Is your team working hard or just burning out?

by THE WAV GROUP on February 18, 2010

Ellie Mirman from Ellie Mirman.com posted a great article about the rules for maximizing productivity of work teams.  I think there are some great lessons to be learned from a presentation from a blog called The Chief Happiness Officer.

Working more than 40 hours leads to decreased productivity. You can get a short-term boost by working more hours, but the team will require a recovery period that counteracts the seeming short-term productivity boost.  Working on Sundays and evenings can be helpful in the short-term to provide support to a potential client, but the team will required to recover from long hours can actually be longer than the short-term increases in productivity.  For agents that consistently work long hours, burnout can be faster and potentially more severe.

Productivity of “knowledge workers” (vs. factory workers) declines after 35 hours (not 40 hours). Ellie says when creative workers are forced to work longer hours and get less sleep, the quality of their output goes down dramatically.  While it may look like agents are working harder, they may actually be depleting themselves of the energy and creativity they need to effectively market properties.

Teams that work overtime think they are doing more but actually accomplish less.During crunch times, perceived productivity remains much higher than actual productivity.   Agents might be really busy, but are they really using their time to its fullest – are they spending the time to learn new technologies, for example?  MLSs around the country offer a ton of free services that go unused by most agents out there today, for example.  Agents may be spending unnecessary time processing paperwork, manually, for example, when they could be using document management technologies to save them time and money.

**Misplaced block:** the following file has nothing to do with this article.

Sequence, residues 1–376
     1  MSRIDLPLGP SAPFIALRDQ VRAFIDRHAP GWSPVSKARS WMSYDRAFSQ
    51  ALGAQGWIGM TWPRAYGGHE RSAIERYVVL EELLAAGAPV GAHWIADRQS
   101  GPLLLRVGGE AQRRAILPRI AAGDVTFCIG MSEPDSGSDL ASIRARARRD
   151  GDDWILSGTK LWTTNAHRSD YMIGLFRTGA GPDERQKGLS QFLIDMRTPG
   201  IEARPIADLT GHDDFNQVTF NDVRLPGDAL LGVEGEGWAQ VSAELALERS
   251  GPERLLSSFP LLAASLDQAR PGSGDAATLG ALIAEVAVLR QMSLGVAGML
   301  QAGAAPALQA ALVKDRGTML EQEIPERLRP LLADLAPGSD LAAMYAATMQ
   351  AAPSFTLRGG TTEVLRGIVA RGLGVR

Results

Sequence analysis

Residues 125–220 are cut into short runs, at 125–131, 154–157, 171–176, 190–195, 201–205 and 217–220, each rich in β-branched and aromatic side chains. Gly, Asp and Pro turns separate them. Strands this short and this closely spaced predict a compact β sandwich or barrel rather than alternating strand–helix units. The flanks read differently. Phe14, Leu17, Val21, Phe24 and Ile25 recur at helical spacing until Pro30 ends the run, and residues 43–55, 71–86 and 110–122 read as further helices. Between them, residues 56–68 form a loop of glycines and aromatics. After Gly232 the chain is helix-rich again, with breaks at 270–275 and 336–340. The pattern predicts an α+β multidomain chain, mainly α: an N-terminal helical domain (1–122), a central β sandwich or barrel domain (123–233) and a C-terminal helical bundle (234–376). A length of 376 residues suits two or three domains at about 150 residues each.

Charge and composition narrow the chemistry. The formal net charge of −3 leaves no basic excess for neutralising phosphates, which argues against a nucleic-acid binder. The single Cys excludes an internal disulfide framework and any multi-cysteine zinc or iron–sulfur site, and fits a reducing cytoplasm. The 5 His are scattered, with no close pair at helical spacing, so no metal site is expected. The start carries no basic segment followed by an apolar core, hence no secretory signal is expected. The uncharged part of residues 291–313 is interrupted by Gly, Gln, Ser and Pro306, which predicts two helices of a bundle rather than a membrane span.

Teams of 4-8 people have higher productivity. This number seems to line up with the average size of real estate teams so that’s good news for our industry.

Seating the team together in a shared room increases productivity. This makes sense, since these are the people you communicate with the most.  While many real estate teams are now virtual, having the team together on a regular basis can improve communication and build team trust.

Cross-functional teams also increase creativity and productivity. Having a team consisting of people with different perspectives also helps reduce groupthink and helps increase breakthrough solutions. Interestingly, having members of these teams part time rather than full time results in a 15% drop in efficiency.  It is important to think about building a team with diverse backgrounds, experience and perspectives.  The current economy actually makes it much easier to recruit team members that bring corporate disciplines, educational disciplines and even retail backgrounds to the team.  It’s also important to be sure every member of the team is pulling their weight. We wrote an article a few months ago called Your team is only as strong as its weakest link for your reference.

Schedule your team at 80% to allow space for creative thinking and side projects. Of course, always have a backlog of projects you can pull from as needed, but leaving time for side projects can increase happiness and increase creative problem solving for all projects.   It is important to have the discipline to take the time to think about new ways to build the business with new sales strategies, marketing approaches, transaction management technologies and of course training courses.

 

Overall some interesting food for thought for bringing back to your own team.

 

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